When New Brunswick native Susan McDade decided to retire from an almost 30-year career with the United Nations, she was the highest ranking Canadian in the United Nations Development Programme.
As an assistant secretary-general with the UNDP, she was responsible for 17,000 people in 130 countries, with a budget of $5 billion.
But as a single mom of two teenagers, being "on planes all the time" was taking its toll.
So she came to a decision.
"The UN could find another person," McDade said in an interview back in her hometown of Rothesay, "My kids can't find another mother."
The full circle journey took McDade around the world, but it began in the community of Renforth, now part of Rothesay, with parents who encouraged her to give back.
Even they were surprised when, at 16, she applied to finish her high school education at the Lester B. Pearson United World College of the Pacific in Victoria.
Growing up in Renforth, McDade said, the only immigrants she knew were educated professionals. They were doctors and engineers, and she thought it would be interesting to attend school with students from 70 different countries.
She calls her two years there "life-changing."
She left school confident that she wanted to pursue work in the international field and studied economics and international affairs at the University of Guelph, then got a master's degree at the International Institute for Social Studies in the Netherlands.
After an internship at the UN sponsored by the OECD, McDade accepted a job at the UN in 1991, and her first field posting was eye-opening.
Fluent in Spanish, she was sent to Guatemala, then in the throes of a 35-year civil war.
'Very scary' posting
"It was a very scary first posting," McDade said.
"If you were an Indigenous person, you were labelled a terrorist," she said, adding that the country had descended into lawlessness.
"You had no trust in the police, no trust in the army, no trust in the armed militias."
It was a country where the simplest of daily events could put you in harm's way.
"We got a flat tire in a mountainous region," McDade recalled, "And I thought 'If we don't get this tire fixed we're going to get killed.'"
After a year in Guatemala, she was moved to China for a four-year stint in the mid-90s.
That brought her to New York, where she would spend the next decade as a UN administrator, focused on energy issues.
But while the work in New York was interesting, she missed field work, which she said meant having clear goals and the ability to see the results of your work, and she wanted to get back to Latin America.
By this time, she was a single mother with a young son and pregnant with her second child.
That would have likely disqualified her from postings in most of Latin America, where the Catholic Church still holds great influence on society.
Fortunately, the posting she received was Cuba, a country McDade said is much more liberal.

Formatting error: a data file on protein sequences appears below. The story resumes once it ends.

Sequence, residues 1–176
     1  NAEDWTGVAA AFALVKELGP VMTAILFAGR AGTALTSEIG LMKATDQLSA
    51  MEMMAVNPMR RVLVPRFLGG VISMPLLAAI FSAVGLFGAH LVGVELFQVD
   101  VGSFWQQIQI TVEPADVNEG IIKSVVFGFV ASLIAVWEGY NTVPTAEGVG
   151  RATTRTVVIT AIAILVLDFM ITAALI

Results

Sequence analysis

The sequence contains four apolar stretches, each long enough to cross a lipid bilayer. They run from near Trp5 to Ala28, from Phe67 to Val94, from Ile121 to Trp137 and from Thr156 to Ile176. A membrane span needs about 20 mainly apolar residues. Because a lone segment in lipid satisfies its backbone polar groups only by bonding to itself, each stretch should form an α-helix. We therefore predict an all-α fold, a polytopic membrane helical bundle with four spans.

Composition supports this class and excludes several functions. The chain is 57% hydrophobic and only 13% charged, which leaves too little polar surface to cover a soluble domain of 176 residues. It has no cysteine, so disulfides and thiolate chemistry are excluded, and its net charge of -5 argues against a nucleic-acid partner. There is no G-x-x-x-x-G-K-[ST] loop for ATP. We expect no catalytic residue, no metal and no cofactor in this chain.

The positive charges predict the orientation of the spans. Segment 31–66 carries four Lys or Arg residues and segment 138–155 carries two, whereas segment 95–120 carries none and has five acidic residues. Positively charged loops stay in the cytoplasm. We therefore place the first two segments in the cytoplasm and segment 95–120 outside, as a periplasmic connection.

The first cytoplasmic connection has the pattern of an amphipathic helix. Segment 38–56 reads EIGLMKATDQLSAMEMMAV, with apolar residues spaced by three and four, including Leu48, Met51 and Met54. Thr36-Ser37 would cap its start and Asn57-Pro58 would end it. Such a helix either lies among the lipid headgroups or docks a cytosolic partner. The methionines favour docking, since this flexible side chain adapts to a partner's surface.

She also believes being Canadian and having a recent posting in China likely helped in Cuba's acceptance of her posting.
Her experience in Cuba was very different from what she saw in that first posting in Guatemala.
"The Cuban government is very clear on what constitutes human development. They want every child educated, every child vaccinated," McDade said.
She also said Cuba is the best-prepared country in Latin America to deal with natural disasters.
McDade continued to work in Latin America until her recent job with UNDP, which brought her back to New York.
But with a boy in high school and a girl in middle school, she began to think it was time to slow down and spend more time with her children.
So early last year, she made the decision to retire from her position and move back to her hometown. She is living less than a mile from the house she grew up in.
The timing of the move couldn't have been better, leaving New York just weeks before the pandemic hit North America in force.
McDade said that had she stayed, her job, which was focused on global business continuity, would have become all-encompassing.
"My kids wouldn't have seen me — ever," she said.
And she and her family would have been in ground zero of the first wave of the U.S. COVID-19 fight.
"I feel like I won the lottery every day."
Not easy, but satisfying work
For people considering her line of work, McDade said they need to make sure they're prepared.
If you don't have a skill, like medicine or engineering, get a good grounding in politics, history and economics, she said
And understand it's not just volunteerism.
The job takes its emotional toll, on you and the people around you.
"It's very hard on relationships, I know very few who had relationships that lasted," McDade said.
"You're away from your roots and your family and it's a 24-hour clock. We always had an office open somewhere."
Despite all that, McDade said, once her children get out of school and off to university, the job could lure her back.
"Who knows," she said, "I'm pretty young to be retired."